Alaska Airlines Holding To Buy Virgin America

Alaska Airlines Boeing 737-800

Alaska Airlines Boeing 737-800

The parent company of Alaska Airlines has reached a deal to buy Virgin America, creating an airline focused on the West Coast. If approved by regulators and shareholders of Virgin America, the combined airline will be the fifth largest US operator, according to Alaska Air Group.

"By bringing them together, we are creating the first airline to people living anywhere on the West Coast," said Alaska Air Group CEO Brad Tilden in a statement.

The news of the USD 2.6 million comes after a heated war deals with JetBlue. According to The Wall Street Journal, "a person familiar with the just said it was" a ferocious back and forth between the two sides, with multiple bids for a number of days. "But ultimately, JetBlue put the pencil 'because the price had become too high".

Virgin founder Richard Branson America says in a statement, "Consolidation is a trend that unfortunately can not be stopped. ... I'd be lying if I did not admit sadness that our wonderful airline is merging with another." Branson added that because it is not a US citizen, "Department of Transportation requires taking some of my actions Virgin America shares without voting rights, which reduces my influence over any takeover. So no it was sadly nothing I could do to stop it. "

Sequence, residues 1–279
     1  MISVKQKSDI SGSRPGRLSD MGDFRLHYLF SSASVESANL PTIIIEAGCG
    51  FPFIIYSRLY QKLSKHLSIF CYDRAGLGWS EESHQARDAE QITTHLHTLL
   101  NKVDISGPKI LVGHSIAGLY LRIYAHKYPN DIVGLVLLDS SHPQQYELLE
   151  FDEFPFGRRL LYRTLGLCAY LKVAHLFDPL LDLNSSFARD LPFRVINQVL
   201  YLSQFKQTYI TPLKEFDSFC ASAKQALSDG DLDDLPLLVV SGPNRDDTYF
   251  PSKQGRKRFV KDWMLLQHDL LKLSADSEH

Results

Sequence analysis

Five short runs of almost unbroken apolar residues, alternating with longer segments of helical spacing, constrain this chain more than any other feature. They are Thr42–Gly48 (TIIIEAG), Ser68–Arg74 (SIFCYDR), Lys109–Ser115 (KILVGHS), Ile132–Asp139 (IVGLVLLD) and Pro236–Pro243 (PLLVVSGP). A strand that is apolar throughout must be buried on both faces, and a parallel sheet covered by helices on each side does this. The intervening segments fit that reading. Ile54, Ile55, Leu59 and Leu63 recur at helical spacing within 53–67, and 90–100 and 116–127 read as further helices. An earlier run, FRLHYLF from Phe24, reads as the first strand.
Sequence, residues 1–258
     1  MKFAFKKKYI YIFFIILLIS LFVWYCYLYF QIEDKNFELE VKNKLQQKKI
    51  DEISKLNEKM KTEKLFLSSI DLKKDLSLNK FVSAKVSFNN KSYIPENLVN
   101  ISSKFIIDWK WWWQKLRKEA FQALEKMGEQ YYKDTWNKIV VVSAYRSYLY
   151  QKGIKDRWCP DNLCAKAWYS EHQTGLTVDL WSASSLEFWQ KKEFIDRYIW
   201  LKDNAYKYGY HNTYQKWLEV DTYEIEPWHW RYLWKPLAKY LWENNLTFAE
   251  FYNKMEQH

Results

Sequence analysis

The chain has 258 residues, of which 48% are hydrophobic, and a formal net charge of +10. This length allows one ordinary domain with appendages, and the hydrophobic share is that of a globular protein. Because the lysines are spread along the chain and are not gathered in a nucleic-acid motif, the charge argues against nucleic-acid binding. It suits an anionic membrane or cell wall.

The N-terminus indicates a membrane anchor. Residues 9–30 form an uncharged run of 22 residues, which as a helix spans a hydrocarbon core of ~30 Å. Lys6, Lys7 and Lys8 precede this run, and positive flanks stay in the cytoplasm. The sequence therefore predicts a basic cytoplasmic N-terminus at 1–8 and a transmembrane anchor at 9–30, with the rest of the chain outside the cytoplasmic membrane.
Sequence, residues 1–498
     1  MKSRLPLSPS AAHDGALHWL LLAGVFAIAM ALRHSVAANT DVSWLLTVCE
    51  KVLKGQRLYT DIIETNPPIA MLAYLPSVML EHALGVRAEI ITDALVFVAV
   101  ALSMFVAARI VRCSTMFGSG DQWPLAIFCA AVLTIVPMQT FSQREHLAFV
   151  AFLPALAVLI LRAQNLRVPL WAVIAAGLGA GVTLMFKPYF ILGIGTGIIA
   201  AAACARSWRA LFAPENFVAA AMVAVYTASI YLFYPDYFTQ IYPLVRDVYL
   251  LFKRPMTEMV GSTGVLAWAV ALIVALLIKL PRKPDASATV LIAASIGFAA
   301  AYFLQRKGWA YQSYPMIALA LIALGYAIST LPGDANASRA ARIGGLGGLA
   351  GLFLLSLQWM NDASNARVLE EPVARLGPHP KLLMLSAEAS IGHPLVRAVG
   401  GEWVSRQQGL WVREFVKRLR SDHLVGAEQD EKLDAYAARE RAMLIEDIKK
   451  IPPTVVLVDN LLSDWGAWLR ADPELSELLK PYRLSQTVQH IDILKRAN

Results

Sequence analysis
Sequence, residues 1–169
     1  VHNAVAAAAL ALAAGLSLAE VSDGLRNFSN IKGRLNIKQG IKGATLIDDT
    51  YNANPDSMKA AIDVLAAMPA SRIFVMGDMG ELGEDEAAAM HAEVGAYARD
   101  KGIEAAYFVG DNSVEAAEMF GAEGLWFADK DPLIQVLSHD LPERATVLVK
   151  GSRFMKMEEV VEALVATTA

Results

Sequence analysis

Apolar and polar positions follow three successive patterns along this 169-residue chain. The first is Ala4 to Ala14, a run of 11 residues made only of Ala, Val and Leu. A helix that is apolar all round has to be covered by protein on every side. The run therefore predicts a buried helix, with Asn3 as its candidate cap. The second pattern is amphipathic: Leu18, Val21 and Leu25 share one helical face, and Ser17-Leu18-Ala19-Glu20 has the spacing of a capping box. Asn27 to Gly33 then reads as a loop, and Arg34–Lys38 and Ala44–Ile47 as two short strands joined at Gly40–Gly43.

Airbus A320-200 of Virgin America

Airbus A320-200 of Virgin America

Under the terms of the agreement, Alaska will pay USD 57 in cash per share of Virgin America. Including existing aircraft leases and capital debt, it is expected to offer a total value of USD 4 billion. board of directors of both companies have approved the merger agreement.

The new company will be headquartered in Seattle, with a fleet of 280-plus aircraft, according to a fact sheet. Revenue is expected to increase 27 percent to between USD 7 billion per year as a result of the agreement, expected to close on January 1, 2017.

The Associated Press reports that Virgin America "went public in 2014 and although it has grown in Dallas and added a new service to Hawaii and Denver, the airline was having trouble getting enough slots for takeoffs and landings at airports busy from New York." In addition, according to the news service, "their limited size and schedule make it difficult for the company to compete with larger vehicles for lucrative business travelers."
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